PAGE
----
UK inflation fell unexpectedly in April, with lower air fares, clothes and secondhand car prices triggering the first drop in seven months.
Britain’s main measure of inflation, the consumer prices index, fell from 0.5% in March to 0.3% last month, according to the Office for National Statistics. Economists had forecast no change at 0.5%.
The chancellor’s office seized upon the drop in inflation as a sign UK households were better off within the European Union.
A spokeswoman for the Treasury said: “Today’s inflation figure continues the trend we’ve seen over the past year. Pay is growing faster than prices, boosting families’ spending power.
“It is clear Britain would be poorer outside the EU. To avoid putting our economic progress at risk we must continue with the plan that is building resilience and delivering rising living standards across Britain.”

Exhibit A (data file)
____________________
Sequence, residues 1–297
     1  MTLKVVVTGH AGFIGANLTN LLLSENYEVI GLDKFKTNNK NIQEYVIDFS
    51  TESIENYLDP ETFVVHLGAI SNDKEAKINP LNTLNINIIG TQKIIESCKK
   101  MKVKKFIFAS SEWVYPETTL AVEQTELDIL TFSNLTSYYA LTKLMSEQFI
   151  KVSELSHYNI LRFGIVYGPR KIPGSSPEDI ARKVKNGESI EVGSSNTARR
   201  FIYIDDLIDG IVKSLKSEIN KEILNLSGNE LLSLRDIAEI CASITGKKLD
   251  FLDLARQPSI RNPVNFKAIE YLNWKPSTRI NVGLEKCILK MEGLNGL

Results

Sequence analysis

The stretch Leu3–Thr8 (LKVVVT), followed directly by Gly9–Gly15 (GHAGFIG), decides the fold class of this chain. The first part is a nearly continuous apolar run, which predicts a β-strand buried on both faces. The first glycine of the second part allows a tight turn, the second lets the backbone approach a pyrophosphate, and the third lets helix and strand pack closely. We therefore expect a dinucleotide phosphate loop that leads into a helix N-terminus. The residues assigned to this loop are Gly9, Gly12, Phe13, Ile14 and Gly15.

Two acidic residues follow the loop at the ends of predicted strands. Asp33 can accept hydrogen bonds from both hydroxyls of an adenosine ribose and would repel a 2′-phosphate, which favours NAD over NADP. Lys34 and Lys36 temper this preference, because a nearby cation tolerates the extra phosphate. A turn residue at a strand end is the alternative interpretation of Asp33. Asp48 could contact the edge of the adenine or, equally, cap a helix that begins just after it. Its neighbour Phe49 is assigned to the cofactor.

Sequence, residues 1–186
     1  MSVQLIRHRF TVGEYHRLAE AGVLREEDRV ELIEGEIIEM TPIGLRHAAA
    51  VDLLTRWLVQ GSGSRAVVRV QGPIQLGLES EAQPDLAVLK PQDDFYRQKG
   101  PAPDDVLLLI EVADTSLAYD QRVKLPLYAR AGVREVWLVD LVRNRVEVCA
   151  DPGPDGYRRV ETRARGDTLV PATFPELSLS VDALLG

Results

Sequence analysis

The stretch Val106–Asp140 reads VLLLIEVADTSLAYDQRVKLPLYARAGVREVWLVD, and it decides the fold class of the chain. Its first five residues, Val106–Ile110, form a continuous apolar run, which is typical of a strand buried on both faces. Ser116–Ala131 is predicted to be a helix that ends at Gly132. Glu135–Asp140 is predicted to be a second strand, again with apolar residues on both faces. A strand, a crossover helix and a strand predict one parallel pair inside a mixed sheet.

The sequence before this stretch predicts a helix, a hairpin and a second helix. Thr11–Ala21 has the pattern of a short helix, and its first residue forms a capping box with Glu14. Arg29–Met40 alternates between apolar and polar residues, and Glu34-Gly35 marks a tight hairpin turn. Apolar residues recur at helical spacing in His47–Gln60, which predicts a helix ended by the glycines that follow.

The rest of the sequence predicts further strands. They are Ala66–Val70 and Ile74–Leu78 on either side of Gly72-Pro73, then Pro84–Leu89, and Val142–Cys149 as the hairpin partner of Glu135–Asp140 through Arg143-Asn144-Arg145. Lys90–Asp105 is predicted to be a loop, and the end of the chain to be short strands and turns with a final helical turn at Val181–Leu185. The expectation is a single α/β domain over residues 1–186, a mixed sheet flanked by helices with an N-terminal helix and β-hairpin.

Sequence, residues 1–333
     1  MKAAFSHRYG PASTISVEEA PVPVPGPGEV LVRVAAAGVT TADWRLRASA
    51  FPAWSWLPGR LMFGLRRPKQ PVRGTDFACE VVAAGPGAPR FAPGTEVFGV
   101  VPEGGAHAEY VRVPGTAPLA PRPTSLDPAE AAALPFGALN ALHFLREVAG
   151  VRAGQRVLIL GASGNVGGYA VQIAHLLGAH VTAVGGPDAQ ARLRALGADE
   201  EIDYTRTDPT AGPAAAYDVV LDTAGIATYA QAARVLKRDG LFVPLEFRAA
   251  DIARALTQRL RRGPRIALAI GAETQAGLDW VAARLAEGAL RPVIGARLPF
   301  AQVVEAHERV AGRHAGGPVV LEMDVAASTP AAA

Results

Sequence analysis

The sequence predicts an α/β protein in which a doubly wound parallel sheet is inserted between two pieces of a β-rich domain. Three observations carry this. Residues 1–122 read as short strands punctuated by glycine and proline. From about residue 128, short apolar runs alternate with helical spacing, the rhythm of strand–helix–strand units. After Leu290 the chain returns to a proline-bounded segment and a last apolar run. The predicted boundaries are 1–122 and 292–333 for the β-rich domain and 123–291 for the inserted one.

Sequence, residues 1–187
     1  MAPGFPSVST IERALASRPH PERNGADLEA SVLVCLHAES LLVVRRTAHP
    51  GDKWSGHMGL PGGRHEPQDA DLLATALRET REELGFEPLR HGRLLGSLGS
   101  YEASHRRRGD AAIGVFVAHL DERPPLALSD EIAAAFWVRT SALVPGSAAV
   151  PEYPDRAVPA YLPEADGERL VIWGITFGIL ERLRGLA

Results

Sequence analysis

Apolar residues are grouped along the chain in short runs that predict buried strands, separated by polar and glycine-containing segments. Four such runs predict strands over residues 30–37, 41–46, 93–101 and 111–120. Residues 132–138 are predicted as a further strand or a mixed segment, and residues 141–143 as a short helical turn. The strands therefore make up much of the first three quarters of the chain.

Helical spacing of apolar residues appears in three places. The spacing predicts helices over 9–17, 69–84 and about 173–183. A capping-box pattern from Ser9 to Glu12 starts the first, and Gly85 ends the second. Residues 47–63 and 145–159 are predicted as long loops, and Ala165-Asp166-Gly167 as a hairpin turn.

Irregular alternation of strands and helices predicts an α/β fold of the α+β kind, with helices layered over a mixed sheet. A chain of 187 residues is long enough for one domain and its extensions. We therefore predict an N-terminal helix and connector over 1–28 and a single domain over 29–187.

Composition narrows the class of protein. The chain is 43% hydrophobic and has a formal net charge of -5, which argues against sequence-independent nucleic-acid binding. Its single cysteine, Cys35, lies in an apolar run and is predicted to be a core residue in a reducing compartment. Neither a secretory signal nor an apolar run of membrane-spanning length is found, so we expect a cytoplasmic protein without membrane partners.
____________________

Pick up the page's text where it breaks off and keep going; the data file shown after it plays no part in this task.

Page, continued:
However, the TUC said low inflation was a sign of weakness in the UK economy.
Frances O’Grady, the TUC general secretary, said: “The UK’s continuing low inflation is a sign that the economy still lacks the demand needed to get back to full strength. Wage growth remains too weak and we do not have the level of public investment needed to secure stronger growth.
“With the UK economy slowing down, the government cannot continue to stand by. We need investment in skills, infrastructure and public services to promote growth for the long term.”
Inflation has been below 1% since December 2014, providing respite for UK households as prices rise at a slower rate than pay following six years of real wage falls during the financial crisis.
Despite record levels of employment, wage growth has not picked up as much as Bank of England policymakers and other economists thought.
Regular pay growth, excluding bonuses, was 2.2% in the three months to February compared with the same period a year earlier. It was 1.8% including bonuses.
CPI inflation had been steadily rising from a record low level of -0.1% in September.